Replay value suffers because of this, too. You’ll blitz through the campaign in a couple of hours and the idea is to play through it again and again. But whereas Left 4 Dead 2 had a special A.I. designed to alter enemy and item spawns based on team performance, World War Z has nothing like that. Or at least, if it does I haven’t noticed it. Every level will play out mostly the same as it did before.

BUT! Here’s the important bit: this is a budget title, clearly made without massive backing and it’s being sold at a budget price of just $40. The clear limitations are much easier to overlook when you aren’t having to break the bank account to buy the game. So far it seems World War Z has sold pretty well, shifting over a million copies, and that opens the way for DLC and updates which expand the amount of content on offer.

Plus, you’ve got the much more challenging difficulty levels to tackle which ramp up the zombie threat by whole hell of a lot. Defence sections become desperate battles to hold on, team-mates get pinned under a mass of seething bodies and it’s just a much more fun and engaging game overall.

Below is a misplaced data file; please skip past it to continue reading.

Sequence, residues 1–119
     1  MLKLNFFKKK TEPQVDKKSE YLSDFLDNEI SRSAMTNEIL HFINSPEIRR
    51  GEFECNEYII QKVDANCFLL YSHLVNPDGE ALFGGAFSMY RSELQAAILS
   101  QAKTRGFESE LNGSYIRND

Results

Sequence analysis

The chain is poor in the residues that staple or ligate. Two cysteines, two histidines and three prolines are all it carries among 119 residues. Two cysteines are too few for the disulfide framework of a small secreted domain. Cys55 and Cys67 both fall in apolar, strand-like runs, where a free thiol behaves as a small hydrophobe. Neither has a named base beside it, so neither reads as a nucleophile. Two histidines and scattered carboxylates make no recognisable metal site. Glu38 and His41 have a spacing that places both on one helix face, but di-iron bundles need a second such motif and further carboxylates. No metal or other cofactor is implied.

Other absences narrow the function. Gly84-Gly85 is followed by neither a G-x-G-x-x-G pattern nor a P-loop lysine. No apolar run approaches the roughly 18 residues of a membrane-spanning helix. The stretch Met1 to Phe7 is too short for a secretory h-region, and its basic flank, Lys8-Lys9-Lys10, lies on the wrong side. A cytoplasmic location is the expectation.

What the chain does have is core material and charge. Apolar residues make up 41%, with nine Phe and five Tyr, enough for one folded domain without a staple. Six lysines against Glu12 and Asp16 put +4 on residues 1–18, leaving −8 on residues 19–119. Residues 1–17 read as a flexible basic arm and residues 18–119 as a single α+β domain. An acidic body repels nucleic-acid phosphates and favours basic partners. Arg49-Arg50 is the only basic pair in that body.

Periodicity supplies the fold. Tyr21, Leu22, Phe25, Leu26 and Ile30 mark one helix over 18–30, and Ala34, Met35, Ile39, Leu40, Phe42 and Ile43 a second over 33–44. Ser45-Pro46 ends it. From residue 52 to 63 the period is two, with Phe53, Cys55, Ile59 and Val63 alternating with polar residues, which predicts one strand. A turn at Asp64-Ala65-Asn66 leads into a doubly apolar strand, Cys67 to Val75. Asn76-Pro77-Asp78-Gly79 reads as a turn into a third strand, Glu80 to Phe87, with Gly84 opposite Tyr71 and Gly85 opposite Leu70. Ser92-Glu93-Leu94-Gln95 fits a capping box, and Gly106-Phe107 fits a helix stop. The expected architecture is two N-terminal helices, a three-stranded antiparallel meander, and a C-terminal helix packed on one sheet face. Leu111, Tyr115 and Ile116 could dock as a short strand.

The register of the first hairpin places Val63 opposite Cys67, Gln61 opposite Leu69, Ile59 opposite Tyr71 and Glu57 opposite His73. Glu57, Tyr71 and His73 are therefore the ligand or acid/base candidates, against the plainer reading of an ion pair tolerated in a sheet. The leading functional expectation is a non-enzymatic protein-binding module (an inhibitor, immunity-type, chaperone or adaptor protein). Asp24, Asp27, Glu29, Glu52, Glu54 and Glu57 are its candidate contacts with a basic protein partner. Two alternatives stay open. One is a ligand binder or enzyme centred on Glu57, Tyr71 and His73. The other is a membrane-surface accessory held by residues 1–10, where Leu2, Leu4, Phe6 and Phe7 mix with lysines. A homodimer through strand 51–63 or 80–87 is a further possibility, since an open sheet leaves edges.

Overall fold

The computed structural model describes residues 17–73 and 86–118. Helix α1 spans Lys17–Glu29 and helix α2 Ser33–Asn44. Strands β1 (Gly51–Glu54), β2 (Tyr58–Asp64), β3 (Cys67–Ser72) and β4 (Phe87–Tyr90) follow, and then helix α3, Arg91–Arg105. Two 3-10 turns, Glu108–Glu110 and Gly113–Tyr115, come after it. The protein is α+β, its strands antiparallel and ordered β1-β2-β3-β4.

If you get bored with fending off tides of undead with a few other players there’s also a competitive multiplayer on offer. Two teams of four players each face off across a couple of standard game modes. It’d be nothing more than a small distraction if it wasn’t for the fact that zombies are thrown into the mix. Suddenly the choice of whether to hold an objective point or not becomes much more interesting when a horde of undead are inbound. The core combat is nothing special and certainly wouldn’t hold up to much if it was purely player vs player, but with zombies mixed into the action you might actually find yourself sinking a chunk of time into it.

In many ways I could argue that World War Z isn’t a very good game. The combat is nothing exciting, there’s not much content, there’s very little story and it features one of the most overused enemies outside of Nazis. But there’s a fun simplicity to the action, like sitting back with a bucket of popcorn and enjoying a B-grade zombie flick. Mowing down an impressively vast horde of undead is cathartic. I’ve found myself with the urge to go and play a match or two each day.

If you’re looking for a co-op game with a Left 4 Dead flavor then I’d recommend Warhammer: Vermintide 2 first and foremost. But if you absolutely must have zombies and guns then World War Z is surprisingly entertaining stuff that might fill the void that has yet to be filled by Left 4 Dead 3. Maybe. Standing your ground against a tidal wave of corpses is thrilling stuff.

3.5 out of 5

Categories: Reviews, Videogame Reviews